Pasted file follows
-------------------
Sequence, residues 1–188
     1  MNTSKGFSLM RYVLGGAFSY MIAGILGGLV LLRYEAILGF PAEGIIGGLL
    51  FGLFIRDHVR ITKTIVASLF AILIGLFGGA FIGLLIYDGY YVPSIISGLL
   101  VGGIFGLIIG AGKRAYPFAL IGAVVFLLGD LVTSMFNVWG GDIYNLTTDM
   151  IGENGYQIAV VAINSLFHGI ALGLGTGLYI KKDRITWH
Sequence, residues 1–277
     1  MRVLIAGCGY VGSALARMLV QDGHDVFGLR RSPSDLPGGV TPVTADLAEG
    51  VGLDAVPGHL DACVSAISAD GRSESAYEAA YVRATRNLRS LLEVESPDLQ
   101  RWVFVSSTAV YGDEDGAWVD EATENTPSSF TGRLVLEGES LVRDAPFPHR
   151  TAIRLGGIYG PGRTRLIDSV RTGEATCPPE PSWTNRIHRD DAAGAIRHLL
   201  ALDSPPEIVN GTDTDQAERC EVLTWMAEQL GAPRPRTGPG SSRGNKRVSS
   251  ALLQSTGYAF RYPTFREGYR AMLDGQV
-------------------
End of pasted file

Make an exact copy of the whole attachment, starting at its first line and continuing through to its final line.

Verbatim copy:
Sequence, residues 1–188
     1  MNTSKGFSLM RYVLGGAFSY MIAGILGGLV LLRYEAILGF PAEGIIGGLL
    51  FGLFIRDHVR ITKTIVASLF AILIGLFGGA FIGLLIYDGY YVPSIISGLL
   101  VGGIFGLIIG AGKRAYPFAL IGAVVFLLGD LVTSMFNVWG GDIYNLTTDM
   151  IGENGYQIAV VAINSLFHGI ALGLGTGLYI KKDRITWH
Sequence, residues 1–277
     1  MRVLIAGCGY VGSALARMLV QDGHDVFGLR RSPSDLPGGV TPVTADLAEG
    51  VGLDAVPGHL DACVSAISAD GRSESAYEAA YVRATRNLRS LLEVESPDLQ
   101  RWVFVSSTAV YGDEDGAWVD EATENTPSSF TGRLVLEGES LVRDAPFPHR
   151  TAIRLGGIYG PGRTRLIDSV RTGEATCPPE PSWTNRIHRD DAAGAIRHLL
   201  ALDSPPEIVN GTDTDQAERC EVLTWMAEQL GAPRPRTGPG SSRGNKRVSS
   251  ALLQSTGYAF RYPTFREGYR AMLDGQV